Working in Riyadh?
Working Conditions in Riyadh
Saudisation and the Job Market
As previously mentioned in our introduction to working in Riyadh, most expats in the city work for the diplomatic service or have come via intra-company transfer to a Saudi branch office. If you are interested in finding a job on your own, there are a couple of options.
It’s probably easiest if you join a foreign business association based in the Saudi capital or contact a foreign chamber of commerce. These organizations often have member directories of international companies in Saudi Arabia that they make available to paying customers. You will thus have access to a comprehensive list of businesses from your home country, complete with contact details, and you can select your field of employment from those. Of course, if your business travels occasionally bring you to the Middle East, you could use this opportunity to join business events for networking. For instance, Riyadh is a popular location for trade fairs in Saudi Arabia.
Expat women, however, might have trouble securing employment opportunities outside healthcare and education. To explore the labor market in these fields, it is advisable to regularly check the websites of private and international schools, universities, and hospitals in Riyadh. As women working in retail is a fairly new concept, and because there is a new push towards total Saudisation in this sector, it is virtually impossible for expat women to find work in the retail industry.
Things to Keep in Mind
If you move to Riyadh as part of a foreign assignment or if you apply to a multinational company, it is very likely that you will have an English job contract. In the case that you want to work for a Saudi employer and are not fluent in written Arabic, make sure to get a certified translation of your employment contract. Before the Saudi law courts, it is the Arabic version that is going to count in any dispute, so you should know what exactly your contract stipulates.
Several years ago, medical insurance became mandatory for expatriates living and working in Saudi Arabia. Since the public healthcare system is off limits to foreign residents, ask your new employer if they have a company healthcare plan. Even if they do, you should always take the time to read the small print. This applies especially to expats with a history of chronic illnesses, pre-existing conditions, or are susceptible particular health risks. In those cases, it may become necessary to take out an additional insurance policy and pay for it from your own pocket.
The cost of living in Riyadh is quite reasonable (see our moving to Riyadh guide), but expats with children might consider making some extra demands during salary negotiations. Apart from accommodation in a luxury compound, the tuition fees for international schools are the costliest part of an expat budget in Riyadh.
Stay on the Good Side of Your Sponsor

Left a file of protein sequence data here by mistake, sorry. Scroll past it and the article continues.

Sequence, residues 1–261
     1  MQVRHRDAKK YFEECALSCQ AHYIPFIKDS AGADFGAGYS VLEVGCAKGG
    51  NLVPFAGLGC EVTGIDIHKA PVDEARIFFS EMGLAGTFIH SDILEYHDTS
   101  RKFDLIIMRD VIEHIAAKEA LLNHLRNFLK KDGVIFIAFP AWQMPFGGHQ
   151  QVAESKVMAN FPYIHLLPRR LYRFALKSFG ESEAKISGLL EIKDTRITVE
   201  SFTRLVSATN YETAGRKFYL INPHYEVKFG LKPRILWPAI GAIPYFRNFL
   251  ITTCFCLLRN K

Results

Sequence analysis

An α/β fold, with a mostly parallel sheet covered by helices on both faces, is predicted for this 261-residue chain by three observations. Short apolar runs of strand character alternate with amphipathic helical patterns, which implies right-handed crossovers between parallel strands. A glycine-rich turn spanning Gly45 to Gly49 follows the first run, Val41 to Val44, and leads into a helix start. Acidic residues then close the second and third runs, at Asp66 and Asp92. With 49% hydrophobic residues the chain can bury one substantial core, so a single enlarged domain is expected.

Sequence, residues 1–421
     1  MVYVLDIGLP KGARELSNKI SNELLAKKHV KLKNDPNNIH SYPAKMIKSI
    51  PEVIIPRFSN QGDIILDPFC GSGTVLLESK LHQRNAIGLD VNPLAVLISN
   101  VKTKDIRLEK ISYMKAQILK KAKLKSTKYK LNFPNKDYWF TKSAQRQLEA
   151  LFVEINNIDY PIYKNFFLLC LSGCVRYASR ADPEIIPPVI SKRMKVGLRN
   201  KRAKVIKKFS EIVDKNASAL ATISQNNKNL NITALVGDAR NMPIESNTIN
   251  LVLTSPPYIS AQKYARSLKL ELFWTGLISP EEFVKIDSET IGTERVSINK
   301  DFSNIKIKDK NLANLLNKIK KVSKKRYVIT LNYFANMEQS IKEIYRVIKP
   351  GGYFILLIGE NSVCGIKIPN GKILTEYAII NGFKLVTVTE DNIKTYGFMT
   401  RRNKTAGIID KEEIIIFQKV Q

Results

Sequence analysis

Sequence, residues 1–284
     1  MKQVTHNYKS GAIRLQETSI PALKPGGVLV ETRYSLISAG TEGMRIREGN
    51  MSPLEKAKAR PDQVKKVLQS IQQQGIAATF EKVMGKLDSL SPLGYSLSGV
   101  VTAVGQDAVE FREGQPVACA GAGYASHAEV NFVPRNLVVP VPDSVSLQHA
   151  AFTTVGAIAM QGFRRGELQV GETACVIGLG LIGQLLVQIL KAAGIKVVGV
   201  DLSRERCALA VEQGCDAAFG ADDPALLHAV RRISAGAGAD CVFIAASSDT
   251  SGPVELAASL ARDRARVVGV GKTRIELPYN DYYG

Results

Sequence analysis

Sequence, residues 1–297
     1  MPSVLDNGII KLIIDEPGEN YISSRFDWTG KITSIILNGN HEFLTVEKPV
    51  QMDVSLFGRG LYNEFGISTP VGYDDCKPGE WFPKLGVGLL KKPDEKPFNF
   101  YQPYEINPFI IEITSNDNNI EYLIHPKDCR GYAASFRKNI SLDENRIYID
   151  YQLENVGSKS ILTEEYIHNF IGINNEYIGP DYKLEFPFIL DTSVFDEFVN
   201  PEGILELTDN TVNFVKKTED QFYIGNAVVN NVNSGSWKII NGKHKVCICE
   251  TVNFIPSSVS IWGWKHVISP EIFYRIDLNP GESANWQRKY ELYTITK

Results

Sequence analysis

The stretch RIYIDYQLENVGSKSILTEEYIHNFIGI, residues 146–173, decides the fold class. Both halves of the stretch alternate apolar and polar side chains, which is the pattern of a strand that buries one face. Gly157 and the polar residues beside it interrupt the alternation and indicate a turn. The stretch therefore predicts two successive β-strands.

Please be aware that your employer in Riyadh is likely to be your visa sponsor for your stay in Riyadh. This means that they will apply for a labor license on your behalf. Moreover, they may get to keep your passport, and they need to approve of an exit visa whenever you want to leave the country. Since bureaucracy and justice in Saudi Arabia tend to move slowly when settling disputes, you should take care to stay on good terms with your employer/sponsor.
If you don’t have a temporary contract, but want to return home anyway, you must give notice at least 30 days before your final departure. There are even stories about foreign employees who apparently wanted to go home at all costs. They left with an exit-reentry visa under some pretense, like that of a family emergency, and then sent an email from overseas, saying they would never come back. If you don’t mind being blacklisted by your ex-employer and by the Saudi authorities for having departed without a final exit visa, that might just work. It’s definitely neither courteous nor recommended.
Planning Your Pension
Since the 1960s, Saudi Arabia has developed a social security system to dispense old-age pensions as well as survivors’ and disability benefits. Current regulations are based on a law passed in 2000. However, they only cover Saudis working in the private sector and certain public sector employees. Self-employed Saudi citizens can make voluntary contributions to the social security fund, and there are separate pension plans for civil servants and military staff. Foreign employees, though, are explicitly excluded. The only insurance cover they have is compensation for work accidents and occupational diseases.
The time you spend working in Riyadh will affect your pension plan. However, Saudi Arabia has no personal income tax. Therefore, your net income will probably be higher than your salary back home. Use this extra income wisely and keep funneling it into the government pension funds of your home country and/or your private retirement provisions.
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